Srinivas Ramanujan

Dhruvi had returned from school and was sitting in the garden lost in her thoughts. A while later, her older brother Dhruv came there and was surprised to see her sitting alone.

“What are you thinking about, Dhruvi?” he asked.

“To celebrate National Mathematics Day on December 22, we have been asked to work on a project on Srinivasa Ramanujan. I’m trying to think about what I should write. Bhaiya, since you are doing your PhD in Mathematics, can you help me?” she asked.

“Of course! Don’t worry. I am free tomorrow, it being a Sunday. Keep your questions ready,” said Dhruv.

The next day, Dhruvi took a book and pen, and went into her brother’s room.
“Come in, Dhruvi! Let’s begin.”

“Firstly, tell me some general facts about Shrinivas Ramanujan, his birthplace, his interests, etc.,” requested Dhruvi.

“Srinivasa Ramanujan is one of the greatest mathematicians of India. He was born on December 22, 1887, in Erode in Tamil Nadu. His birthday is celebrated all over India as National Mathematics Day as that was his favourite subject.”

“Noted,” said Dhruvi as she neatly wrote down these details in her notebook. “Now, please tell me about his education.”

Dhruv said, “At the age of 5, he was admitted in a primary school at Kumbakonam in Tamil Nadu. But he never liked other subjects and spent most of his time studying Mathematics. At the age of 10, he secured the highest marks in the entire district and was sent to Town Higher Secondary School. He even received a scholarship to study at Government Arts College, Kumbakonam.”

“Funnily his love for Mathematics was also the biggest obstacle in his education. He loved Math so much that he neglected all other subjects. Even while attending the classes of other subjects, he would always be solving Math sums. The result was that in his class 11 examinations he failed in every subject except Math and because of this, his scholarship was withheld.”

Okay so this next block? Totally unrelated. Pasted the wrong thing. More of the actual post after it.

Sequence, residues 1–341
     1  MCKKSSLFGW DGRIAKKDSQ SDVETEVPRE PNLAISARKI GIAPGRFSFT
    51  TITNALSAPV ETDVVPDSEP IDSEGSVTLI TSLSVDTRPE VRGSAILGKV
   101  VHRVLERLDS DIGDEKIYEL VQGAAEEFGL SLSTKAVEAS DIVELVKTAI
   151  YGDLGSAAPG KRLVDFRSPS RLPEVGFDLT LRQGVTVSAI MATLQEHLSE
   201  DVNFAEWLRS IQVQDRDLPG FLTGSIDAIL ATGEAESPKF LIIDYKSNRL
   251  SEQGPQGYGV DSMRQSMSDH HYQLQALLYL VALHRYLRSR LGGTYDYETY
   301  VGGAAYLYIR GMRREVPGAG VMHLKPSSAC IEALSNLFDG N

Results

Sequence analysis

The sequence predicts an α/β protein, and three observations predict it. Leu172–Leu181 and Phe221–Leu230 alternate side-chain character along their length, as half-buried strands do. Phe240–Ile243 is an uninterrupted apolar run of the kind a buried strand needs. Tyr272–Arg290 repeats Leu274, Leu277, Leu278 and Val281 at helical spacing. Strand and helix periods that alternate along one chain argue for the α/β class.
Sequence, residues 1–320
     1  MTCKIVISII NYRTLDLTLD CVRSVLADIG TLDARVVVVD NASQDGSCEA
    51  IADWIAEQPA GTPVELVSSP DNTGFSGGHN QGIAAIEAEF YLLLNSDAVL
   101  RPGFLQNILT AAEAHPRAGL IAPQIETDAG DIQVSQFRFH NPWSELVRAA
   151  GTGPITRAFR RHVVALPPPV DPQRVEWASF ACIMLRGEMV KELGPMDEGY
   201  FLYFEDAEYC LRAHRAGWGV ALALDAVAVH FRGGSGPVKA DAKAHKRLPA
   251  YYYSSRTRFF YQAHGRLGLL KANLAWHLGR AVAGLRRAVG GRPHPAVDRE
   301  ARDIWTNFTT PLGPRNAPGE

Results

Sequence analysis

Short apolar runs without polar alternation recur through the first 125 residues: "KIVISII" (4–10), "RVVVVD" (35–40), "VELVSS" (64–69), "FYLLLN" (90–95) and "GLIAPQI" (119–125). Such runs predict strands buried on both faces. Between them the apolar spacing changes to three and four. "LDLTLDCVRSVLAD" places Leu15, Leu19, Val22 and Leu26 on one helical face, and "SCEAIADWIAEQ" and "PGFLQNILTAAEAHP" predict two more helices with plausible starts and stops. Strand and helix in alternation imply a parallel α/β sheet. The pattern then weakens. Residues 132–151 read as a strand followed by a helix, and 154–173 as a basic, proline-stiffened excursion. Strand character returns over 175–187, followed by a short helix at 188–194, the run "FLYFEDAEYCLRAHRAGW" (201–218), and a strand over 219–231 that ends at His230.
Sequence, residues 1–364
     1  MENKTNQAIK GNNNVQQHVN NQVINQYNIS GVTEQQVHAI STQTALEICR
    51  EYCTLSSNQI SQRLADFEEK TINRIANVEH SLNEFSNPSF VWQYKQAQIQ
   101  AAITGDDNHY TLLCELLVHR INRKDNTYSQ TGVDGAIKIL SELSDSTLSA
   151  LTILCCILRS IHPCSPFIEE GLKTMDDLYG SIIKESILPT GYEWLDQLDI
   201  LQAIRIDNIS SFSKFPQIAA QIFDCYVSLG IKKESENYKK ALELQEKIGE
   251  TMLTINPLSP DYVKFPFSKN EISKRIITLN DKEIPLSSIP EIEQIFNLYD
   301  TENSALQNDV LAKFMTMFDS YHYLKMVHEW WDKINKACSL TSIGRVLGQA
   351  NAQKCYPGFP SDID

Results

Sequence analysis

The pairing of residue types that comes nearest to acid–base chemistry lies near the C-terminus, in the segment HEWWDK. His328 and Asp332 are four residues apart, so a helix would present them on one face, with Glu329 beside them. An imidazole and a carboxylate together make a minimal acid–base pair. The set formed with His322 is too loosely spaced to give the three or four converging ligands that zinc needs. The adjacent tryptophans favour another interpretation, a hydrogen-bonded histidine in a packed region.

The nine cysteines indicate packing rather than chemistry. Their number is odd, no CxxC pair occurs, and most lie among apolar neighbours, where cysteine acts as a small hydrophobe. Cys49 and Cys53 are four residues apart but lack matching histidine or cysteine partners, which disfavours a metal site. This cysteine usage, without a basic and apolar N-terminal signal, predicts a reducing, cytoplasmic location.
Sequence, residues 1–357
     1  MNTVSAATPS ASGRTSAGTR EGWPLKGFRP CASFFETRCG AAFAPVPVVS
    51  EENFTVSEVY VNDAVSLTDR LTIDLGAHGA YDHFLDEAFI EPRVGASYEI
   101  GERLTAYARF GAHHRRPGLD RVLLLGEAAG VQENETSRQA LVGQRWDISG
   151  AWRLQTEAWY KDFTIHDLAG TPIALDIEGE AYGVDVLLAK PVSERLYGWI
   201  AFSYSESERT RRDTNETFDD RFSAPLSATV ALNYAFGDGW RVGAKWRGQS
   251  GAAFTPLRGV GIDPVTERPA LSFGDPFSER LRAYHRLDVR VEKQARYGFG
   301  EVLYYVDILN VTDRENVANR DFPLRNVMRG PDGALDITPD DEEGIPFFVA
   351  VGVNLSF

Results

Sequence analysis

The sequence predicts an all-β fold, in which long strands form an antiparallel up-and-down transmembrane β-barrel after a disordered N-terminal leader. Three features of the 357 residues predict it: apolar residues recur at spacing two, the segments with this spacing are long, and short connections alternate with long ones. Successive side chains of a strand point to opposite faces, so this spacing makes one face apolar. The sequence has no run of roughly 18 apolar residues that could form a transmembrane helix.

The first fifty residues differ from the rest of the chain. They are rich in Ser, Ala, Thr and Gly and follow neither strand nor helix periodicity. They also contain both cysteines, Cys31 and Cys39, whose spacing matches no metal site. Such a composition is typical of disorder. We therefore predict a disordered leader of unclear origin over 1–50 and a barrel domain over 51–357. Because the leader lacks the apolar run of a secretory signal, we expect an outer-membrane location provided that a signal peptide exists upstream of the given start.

“This increased the difficulties for his family as they were poor. He lived off the charity of friends, filling notebooks with his mathematical discoveries. He also started taking Math tuitions and doing accounting work for the Madras Port Trust.”

“So even though he was a math genius he failed in other subjects!” exclaimed Dhruvi. “What was his contribution to the world of Maths?”

“At the age of 13, he mastered a book on Advanced Trigonometry written by London University’s Professor S L Loney. By that time, he had already discovered theorems on his own. By the age of 14, he had received many merit certificates and awards.”

“When he was 16, he studied G S Carr’s A Synopsis of Elementary Results in Pure and Applied Mathematics in detail. The book was a collection of 5,000 theorems.

He created formulae on his own and his true achievement was that he did so, without any formal training in Mathematics. He was a self-taught mathematician.”

“Bhaiya, can you tell me anything else about him?” asked Dhruvi.

“In 1913, English mathematician, G H Hardy received a strange letter from
an unknown accountant in Madras, India. The ten-page letter contained about 120 theorems, improper integrals, fractions and so much more.”

“Professor Hardy who could not understand them completely, but discussed it with other mathematicians and colleagues, and concluded that Srinivasa Ramanujan was a person of unique mathematical ability. To understand his work thoroughly, he invited Ramanujan to Cambridge for further research. In March 1914, Ramanujan boarded a steamer for England. In 1918, Srinivasa Ramanujan was elected as a Fellow of the Royal Society, an award given to individuals for their contribution in the field of maths and science.”

“Ramanujan stayed in England for five years and did research. On April 26, 1920, he died at the age of 33 due to ailing health.”